There have been reports of bites by species of Pararabeus and Araneus (Araneidae), which resulted in a mild envenomation similar to button spider bites. Bites by spiders of the families Salticidae (jumping spiders) and Lycosidae (wolf spiders) may result in mild cytotoxic envenomation that is usually no more than a slight irritation. No treatment was required besides cleaning the bitten area.


It must be remembered that spiders bite as a method of defence, normally when one prods or squashes them. They are an important source of pest control thus eliminating harmful pesticides.

Publications (by date)

  • Finlayson MH, Smithers RHN. 1939. Harpactirerra lightfooti as a cause of spider-bite in the Union. South African Medical Journal 13: 808-809.
  • Steyn JJ. 1959. Die bekende dwaalspinnekop (Palystes Karsch) moontlik gevaarlik. Genskunde. 1: 63.
  • Dippenaar-Schoeman AS, Newland G. 1980. The Button spiders of South Africa. Pamphlet No 146, Farming in South Africa. Printed in South Africa by the Government Printer, distributed by the Director, Division Agricultural Information, Pretoria.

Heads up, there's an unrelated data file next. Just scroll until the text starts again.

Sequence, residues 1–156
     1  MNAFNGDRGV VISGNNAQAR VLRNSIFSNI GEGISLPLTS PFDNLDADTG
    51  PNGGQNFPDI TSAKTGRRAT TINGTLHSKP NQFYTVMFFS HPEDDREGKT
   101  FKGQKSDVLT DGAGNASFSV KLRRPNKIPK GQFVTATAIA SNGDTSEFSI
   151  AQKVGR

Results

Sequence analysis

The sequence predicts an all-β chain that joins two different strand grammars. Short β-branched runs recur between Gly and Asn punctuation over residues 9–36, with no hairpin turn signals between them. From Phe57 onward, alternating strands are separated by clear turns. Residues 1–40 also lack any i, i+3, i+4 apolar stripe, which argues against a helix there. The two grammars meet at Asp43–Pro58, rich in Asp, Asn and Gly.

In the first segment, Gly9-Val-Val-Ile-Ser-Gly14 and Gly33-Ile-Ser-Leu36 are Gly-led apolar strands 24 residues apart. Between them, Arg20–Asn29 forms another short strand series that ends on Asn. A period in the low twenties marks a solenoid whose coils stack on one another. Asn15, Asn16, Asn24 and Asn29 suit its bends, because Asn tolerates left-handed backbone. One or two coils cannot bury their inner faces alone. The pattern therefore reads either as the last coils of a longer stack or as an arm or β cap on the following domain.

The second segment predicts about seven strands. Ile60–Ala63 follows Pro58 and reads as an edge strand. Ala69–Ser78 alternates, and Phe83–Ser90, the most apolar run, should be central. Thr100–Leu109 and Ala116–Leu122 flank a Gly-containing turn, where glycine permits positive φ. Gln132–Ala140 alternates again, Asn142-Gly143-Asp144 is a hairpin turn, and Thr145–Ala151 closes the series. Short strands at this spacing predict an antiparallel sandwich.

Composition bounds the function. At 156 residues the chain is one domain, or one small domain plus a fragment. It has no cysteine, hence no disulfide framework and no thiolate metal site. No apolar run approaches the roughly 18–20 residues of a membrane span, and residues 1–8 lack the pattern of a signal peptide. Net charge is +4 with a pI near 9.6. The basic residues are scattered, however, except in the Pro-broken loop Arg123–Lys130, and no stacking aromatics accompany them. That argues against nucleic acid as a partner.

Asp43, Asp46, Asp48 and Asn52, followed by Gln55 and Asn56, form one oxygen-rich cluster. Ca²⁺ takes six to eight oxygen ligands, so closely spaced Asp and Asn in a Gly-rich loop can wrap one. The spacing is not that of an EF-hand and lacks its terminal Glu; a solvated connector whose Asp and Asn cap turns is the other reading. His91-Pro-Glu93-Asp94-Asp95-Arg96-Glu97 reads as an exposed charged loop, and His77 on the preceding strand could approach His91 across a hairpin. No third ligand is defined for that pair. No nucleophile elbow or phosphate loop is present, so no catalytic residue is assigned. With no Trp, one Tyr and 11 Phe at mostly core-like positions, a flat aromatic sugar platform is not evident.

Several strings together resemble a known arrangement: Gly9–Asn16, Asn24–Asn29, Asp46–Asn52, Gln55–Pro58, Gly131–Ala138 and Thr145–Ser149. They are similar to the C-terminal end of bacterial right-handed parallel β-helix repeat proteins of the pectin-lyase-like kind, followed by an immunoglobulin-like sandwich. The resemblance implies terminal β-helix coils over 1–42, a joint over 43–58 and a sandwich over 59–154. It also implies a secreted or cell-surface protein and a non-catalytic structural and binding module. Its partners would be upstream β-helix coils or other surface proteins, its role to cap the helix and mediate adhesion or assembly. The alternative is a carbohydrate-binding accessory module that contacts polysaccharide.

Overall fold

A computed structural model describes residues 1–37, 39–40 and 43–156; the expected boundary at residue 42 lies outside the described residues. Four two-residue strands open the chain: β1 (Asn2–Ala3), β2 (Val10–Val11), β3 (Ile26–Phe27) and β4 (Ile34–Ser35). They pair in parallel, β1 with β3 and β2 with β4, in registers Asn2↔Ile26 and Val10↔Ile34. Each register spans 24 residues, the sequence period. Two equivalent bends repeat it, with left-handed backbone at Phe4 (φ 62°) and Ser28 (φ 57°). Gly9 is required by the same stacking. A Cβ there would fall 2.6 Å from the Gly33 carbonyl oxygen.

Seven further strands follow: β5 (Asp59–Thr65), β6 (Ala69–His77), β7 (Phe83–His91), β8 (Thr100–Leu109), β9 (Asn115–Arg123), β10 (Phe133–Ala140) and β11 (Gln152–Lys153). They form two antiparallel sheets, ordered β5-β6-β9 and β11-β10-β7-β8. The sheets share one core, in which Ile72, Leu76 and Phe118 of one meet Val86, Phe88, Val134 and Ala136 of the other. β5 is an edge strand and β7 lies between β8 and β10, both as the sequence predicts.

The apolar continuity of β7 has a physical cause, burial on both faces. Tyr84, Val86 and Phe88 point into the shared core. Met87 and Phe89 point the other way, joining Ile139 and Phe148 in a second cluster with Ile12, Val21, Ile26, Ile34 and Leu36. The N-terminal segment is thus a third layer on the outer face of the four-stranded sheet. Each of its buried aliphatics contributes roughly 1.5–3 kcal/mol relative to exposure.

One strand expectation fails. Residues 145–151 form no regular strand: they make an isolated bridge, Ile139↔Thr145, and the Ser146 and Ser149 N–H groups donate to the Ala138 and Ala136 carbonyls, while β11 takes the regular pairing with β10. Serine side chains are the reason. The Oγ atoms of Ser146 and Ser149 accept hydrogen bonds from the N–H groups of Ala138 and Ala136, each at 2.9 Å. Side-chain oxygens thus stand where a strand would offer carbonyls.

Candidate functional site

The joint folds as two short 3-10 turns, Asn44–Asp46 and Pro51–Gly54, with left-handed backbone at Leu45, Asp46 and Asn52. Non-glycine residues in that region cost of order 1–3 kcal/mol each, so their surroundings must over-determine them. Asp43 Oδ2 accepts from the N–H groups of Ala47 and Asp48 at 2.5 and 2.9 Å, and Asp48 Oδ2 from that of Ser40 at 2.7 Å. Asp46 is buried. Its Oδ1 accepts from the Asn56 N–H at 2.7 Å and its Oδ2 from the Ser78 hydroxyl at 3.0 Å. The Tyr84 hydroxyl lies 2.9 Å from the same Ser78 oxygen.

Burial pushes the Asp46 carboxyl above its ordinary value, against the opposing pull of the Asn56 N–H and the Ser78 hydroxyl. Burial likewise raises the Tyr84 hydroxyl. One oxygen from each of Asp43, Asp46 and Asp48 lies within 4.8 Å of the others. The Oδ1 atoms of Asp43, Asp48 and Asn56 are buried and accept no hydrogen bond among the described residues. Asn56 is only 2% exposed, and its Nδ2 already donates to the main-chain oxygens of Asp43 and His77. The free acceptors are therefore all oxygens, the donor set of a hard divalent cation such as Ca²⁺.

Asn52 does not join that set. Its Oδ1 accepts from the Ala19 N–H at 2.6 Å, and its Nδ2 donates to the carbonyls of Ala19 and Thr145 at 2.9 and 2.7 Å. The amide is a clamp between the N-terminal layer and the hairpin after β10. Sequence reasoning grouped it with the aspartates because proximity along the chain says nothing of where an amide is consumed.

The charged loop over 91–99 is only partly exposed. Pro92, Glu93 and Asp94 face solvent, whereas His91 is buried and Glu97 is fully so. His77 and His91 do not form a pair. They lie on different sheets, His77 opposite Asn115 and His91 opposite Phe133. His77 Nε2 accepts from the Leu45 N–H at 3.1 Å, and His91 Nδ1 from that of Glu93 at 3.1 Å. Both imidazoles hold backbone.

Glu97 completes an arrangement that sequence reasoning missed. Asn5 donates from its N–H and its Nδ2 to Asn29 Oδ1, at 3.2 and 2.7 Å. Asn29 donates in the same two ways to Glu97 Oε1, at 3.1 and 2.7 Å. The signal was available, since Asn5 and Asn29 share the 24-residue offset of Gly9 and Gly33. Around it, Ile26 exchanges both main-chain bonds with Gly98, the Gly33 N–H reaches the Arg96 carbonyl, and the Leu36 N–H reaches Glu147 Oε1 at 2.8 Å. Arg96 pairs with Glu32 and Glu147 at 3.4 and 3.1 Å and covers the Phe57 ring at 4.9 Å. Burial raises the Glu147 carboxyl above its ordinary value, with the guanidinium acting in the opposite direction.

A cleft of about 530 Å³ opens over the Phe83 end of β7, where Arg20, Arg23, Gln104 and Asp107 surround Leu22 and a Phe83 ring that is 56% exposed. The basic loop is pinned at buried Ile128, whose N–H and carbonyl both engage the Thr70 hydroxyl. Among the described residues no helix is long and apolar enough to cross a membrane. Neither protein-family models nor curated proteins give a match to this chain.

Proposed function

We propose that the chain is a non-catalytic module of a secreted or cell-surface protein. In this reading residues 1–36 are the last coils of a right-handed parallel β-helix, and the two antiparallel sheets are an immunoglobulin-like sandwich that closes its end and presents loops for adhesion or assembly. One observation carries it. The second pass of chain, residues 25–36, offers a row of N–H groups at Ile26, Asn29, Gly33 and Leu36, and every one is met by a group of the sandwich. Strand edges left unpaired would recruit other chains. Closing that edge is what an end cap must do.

• Newlands G, Martindale C, Berson SD, Rippey JJ. 1980. Cutaneous necrosis caused by the bite of Chiracanthium spiders. South African Medical Journal 57: 171-173.
  • Newlands G, Martindale CB. 1981. Wandering spider bite – much ado about nothing. South African Medical Journal 60: 142-143.
  • Martindale CB, Newlands G. 1982. The widow spiders: a complex of species. South African Journal of Science 78: 78-79.
  • Newlands G, Isaacson C, Martindale C. 1982. Loxoscelism in the Transvaal, South Africa. Transactions of the Royal Society of Tropical Medicine and Hygiene 76(5): 610-615.